Terri Windling, The Wood Wife

Review copy provided by the publisher.

Terri Windling has crucially shaped the speculative genre over my reading lifetime, editing some of my favorite books and collections. The Wood Wife is her only novel-length adult work to date, and here it is back in a new Tor Essentials edition.

The Wood Wife is full of artists interacting with other artists and their work. It’s also steeped deeply in the desert, saguaros and scrubby trees as seen for the first time by those of us from wetter lands. With the shapeshifters that fill this story, the two intertwine, coyote girls dancing to local music. While there are various romances and families, the central relationship of the book is between two poets who are long-distance friends, who discuss their own and other people’s work in letters but have not, as of the beginning of the book, met in person. And then one of them dies and leaves the other his house, and the tale–from our perspective–is set in motion.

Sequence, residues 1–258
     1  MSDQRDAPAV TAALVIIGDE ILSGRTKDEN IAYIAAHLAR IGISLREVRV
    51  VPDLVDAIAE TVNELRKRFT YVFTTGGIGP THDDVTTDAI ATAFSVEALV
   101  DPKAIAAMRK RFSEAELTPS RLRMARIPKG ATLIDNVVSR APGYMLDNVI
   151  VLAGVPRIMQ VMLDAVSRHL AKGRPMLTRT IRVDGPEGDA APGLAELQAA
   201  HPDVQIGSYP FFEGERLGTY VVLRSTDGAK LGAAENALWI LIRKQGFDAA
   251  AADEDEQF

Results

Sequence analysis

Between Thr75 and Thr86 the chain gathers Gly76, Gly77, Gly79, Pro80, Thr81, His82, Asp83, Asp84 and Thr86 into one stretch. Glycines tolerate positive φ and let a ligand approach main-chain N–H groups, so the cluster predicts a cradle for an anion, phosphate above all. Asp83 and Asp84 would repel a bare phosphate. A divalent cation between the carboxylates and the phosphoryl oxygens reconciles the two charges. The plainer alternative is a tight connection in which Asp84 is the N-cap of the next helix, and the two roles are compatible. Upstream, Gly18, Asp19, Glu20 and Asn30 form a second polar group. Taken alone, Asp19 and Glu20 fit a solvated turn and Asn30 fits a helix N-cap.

The old letters interspersed with the main narrative address themselves from a fictional poet to real ones, and to artists, agents, gallery owners, editors. Working in the arts is central to this book not just in characterization but in plot. I sometimes get tired of characters who work in the arts in urban fantasy, but 1) only when it’s done without thinking about what that means to them, which in this case it’s not and 2) this is one of the early examples, this is what sparked imitators. It holds up quite well from the perspective of a few decades of the field growing from its roots.

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